Starring: Zain Al Rafeea, Yordanos Shiferaw, Boluwatife Bankole
Director: Nadine Labaki
Running Time: 126 mins
Capernaum (کفرناحوم) is a Lebanese film about a 12 year old boy who sues his parents for neglect, after running away from home.
While it doesn’t quite its heights of emotional power and drama straight away, there’s no denying the intrigue and emotion that Capernaum brings to the table, as a sobering account of the realities of children suffering in poverty, complete with a powerhouse lead performance from the young Zain Al Rafeea, and intimate and engrossing directing throughout from Nadine Labaki.
The plight of children in poverty is a topic that receives much attention on film, but it’s films like Capernaum that really bring the realities home. Taking you further and deeper into the life of a young boy who tries desperately to make something of his life despite being part of a struggling family, the film offers up a deeply personal and intimate story that hits home far harder than any wider-focused drama ever could.
So, while the film proves a powerful representation of a devastating reality, director Nadine Labaki gives this story its own voice too, something that allows you to engross yourself and connect so much more with the characters on screen, combining the gritty portrayal of reality with deeply emotional character development throughout.
The premise follows young Zain as he runs away from home after becoming tired of his parents’ upbringing, and how they treat his siblings. From there, he strikes up an unlikely relationship with a struggling single mother, for whom he takes care of a baby while she works – and that’s where the story really proves most powerful.
While the core premise centres on Zain’s desire to sue his parents for neglect, that’s something that only really develops strong emotional intrigue towards the very end of the film, but over the course of the second and third acts, it’s the struggle to survive as Zain cares for a young baby that offers stunning emotional power.
Not only does that story bring the realities of life in poverty to light, but it also offers up a fascinating story about the difficulties of being an unregistered citizen in a modern-day society, as Zain has no formal identification, and the single mother he helps has no residence permit in Lebanon. It’s a topic that’s covered equally well in the riveting Angels Wear White – if not in even heavier detail in that film – but the way that it’s built on top of the characters’ desperate economic struggles simply adds to the impact of the story.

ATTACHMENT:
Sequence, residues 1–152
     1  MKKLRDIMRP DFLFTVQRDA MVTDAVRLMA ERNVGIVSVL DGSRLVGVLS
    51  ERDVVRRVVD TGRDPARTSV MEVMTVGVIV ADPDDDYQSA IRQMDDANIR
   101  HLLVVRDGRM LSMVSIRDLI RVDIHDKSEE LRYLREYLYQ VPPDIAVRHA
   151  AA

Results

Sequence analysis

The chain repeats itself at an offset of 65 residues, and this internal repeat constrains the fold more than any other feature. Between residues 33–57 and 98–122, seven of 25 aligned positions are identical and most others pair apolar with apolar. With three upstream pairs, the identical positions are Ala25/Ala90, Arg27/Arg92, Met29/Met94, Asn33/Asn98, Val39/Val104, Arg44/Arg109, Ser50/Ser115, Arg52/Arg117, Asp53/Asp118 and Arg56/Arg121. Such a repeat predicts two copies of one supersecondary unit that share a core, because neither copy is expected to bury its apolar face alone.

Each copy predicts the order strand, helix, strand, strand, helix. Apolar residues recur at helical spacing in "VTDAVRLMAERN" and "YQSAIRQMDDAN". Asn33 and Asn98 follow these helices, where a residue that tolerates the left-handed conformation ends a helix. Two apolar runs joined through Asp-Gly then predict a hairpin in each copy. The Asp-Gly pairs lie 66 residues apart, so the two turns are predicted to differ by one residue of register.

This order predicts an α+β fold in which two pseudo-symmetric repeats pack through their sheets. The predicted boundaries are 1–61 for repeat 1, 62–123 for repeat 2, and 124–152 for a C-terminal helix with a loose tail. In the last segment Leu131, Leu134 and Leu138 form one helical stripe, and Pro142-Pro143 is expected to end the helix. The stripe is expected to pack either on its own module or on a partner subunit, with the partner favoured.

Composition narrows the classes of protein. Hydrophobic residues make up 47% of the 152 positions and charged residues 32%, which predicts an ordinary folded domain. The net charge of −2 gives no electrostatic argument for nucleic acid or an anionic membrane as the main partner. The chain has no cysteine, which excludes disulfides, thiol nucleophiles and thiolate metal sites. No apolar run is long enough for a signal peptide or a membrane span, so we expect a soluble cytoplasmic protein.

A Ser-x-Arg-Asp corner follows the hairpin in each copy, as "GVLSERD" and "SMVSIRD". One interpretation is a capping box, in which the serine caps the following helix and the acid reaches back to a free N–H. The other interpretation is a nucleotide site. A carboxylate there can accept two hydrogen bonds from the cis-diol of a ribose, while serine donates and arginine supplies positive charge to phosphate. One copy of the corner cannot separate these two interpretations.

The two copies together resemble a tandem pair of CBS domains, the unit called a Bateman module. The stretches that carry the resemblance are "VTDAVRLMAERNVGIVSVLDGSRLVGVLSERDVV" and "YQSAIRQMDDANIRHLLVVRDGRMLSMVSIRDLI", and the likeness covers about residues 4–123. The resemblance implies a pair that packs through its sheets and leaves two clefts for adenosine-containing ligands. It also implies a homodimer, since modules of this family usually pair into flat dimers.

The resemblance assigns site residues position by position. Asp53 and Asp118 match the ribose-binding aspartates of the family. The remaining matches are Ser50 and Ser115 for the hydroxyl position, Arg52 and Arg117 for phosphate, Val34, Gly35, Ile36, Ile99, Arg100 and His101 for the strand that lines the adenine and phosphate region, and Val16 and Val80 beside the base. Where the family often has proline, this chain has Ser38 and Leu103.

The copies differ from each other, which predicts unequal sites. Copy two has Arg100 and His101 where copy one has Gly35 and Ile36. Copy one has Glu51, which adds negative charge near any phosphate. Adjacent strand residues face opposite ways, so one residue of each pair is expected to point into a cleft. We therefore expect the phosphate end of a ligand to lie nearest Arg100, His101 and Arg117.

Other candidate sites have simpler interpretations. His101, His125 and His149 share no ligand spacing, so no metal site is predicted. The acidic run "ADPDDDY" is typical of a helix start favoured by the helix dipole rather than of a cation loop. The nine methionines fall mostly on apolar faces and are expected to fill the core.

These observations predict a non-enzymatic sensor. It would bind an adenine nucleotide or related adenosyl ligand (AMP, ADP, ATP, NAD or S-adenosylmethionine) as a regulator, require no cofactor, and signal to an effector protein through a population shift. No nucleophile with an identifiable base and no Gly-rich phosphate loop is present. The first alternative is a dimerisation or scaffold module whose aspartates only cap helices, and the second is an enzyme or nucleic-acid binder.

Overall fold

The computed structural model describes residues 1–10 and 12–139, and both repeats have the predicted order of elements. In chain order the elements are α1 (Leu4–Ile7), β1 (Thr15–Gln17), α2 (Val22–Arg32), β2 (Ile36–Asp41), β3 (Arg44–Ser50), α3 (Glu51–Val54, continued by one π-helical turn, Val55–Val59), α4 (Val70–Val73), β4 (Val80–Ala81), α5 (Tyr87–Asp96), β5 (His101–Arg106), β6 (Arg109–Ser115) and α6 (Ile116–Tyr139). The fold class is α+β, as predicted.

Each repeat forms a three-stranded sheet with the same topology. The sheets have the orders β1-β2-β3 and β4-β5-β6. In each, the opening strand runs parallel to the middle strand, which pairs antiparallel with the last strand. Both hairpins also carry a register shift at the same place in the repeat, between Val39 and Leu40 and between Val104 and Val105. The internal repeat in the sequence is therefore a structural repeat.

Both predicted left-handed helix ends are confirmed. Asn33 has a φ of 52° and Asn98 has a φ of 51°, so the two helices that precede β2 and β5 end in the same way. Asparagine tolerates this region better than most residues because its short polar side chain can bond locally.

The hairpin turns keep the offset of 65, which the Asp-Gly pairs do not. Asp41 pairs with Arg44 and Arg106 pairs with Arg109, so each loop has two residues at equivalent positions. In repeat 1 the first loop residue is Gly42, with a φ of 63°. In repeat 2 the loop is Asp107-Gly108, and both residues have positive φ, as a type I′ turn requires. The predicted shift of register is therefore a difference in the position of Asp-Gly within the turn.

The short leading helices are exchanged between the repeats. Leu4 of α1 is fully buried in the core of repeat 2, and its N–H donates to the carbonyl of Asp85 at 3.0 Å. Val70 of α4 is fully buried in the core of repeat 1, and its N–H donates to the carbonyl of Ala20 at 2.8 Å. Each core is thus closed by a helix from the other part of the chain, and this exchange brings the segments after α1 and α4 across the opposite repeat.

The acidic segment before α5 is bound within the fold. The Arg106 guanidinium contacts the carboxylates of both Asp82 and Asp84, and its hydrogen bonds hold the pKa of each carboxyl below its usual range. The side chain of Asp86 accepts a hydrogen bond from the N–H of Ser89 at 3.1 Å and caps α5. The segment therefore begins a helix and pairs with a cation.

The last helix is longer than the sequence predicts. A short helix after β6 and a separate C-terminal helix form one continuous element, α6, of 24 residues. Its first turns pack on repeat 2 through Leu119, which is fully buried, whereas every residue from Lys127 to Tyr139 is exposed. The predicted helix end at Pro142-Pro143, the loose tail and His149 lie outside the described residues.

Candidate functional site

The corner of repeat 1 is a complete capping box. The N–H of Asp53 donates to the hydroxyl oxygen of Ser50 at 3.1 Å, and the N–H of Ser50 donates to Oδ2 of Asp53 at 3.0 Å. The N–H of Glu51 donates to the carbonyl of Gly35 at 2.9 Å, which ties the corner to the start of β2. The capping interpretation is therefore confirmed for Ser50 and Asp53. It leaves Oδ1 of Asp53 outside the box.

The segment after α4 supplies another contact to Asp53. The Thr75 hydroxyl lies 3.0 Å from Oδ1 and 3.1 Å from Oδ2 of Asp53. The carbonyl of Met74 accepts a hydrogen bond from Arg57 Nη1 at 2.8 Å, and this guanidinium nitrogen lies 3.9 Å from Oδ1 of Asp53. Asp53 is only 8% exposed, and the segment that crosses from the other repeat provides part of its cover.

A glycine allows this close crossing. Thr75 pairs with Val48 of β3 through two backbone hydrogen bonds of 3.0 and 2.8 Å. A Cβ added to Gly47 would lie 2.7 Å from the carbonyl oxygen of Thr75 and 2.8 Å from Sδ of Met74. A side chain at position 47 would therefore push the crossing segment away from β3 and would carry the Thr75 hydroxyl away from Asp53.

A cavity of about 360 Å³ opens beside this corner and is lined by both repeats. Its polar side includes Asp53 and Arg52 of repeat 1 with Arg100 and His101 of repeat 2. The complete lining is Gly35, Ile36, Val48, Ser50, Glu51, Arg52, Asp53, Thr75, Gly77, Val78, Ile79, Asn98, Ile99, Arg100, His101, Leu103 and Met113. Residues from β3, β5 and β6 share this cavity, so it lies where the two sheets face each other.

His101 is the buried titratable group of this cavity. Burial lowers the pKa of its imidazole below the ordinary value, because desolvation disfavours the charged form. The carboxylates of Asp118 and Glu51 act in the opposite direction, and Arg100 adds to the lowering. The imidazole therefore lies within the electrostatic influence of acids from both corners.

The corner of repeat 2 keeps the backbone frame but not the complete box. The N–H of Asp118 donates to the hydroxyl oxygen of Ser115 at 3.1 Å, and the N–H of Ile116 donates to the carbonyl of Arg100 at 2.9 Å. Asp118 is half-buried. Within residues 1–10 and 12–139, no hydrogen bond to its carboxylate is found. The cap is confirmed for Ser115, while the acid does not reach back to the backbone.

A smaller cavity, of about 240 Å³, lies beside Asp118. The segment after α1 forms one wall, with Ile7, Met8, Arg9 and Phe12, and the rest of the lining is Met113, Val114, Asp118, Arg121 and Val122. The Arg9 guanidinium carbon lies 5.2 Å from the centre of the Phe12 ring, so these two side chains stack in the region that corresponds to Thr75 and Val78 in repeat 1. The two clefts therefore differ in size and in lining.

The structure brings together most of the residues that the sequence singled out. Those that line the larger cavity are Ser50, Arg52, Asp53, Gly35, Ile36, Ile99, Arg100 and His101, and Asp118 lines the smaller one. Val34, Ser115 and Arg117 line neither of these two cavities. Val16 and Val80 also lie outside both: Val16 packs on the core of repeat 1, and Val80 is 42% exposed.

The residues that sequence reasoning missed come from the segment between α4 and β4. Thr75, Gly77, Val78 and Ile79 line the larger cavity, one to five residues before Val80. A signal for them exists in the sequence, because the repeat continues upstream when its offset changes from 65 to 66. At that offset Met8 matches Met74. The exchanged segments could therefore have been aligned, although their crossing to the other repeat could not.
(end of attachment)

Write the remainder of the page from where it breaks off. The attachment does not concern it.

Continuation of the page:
And it’s that impact that’s also one of Capernaum’s most interesting elements, because while the film is overall a devastating and heavy-going piece, there’s a wonderful glimmer of hope and heartwarming emotion at its centre, which comes through in the lead performance from Zain Al Rafeea.
While he finds himself deeply disillusioned with his parents and society as a whole, the relationship he strikes up with the single mother and then her young child proves deeply moving, and despite all of his hardships, his dedication in looking after that child does bring about a more positive emotional spin on the human side of the story, even if that positivity does make the moments where all really seems lost even more devastating.
Finally, a word on the film’s structure, which is perhaps its biggest weakness throughout, and the reason that I never found myself so entirely captivated by its drama from beginning to end. Initially, we find ourselves in the courtroom where Zain is suing his parents, from which point on the story switches back and forth a couple of times between the court and Zain’s life previously.
In the courtroom, a few revelations are made about what happened beforehand, and while that makes for some intrigue in the first few minutes of each look back to the past, I found it more of a misguided focus that hindered the film’s emotional development early on, as I found myself looking for what led to that eventual revelation, rather than engrossing myself in the very personal story at hand.
Because of that, I found it difficult to really get to grips with Capernaum for the best part of 40 minutes, and while the structure becomes more linear through the second and third acts – eventually giving a good (albeit rather late) payoff for the earlier revelations – its opening act is a weak beginning to a film that really could have been an emotionally enthralling watch at every minute.
Overall, I was impressed with Capernaum, above all thanks to its fantastic emotional drama through its second and third acts, brought about by riveting and intimate directing from Nadine Labaki that brings the hardships of children in poverty to light, while still crafting an enthralling and often heartwarming personal story. It may not have incredible consistency in its delivery from beginning to end, but that doesn’t mean that it doesn’t end up a very moving and memorable watch, and that’s why I’m giving Capernaum a 7.6.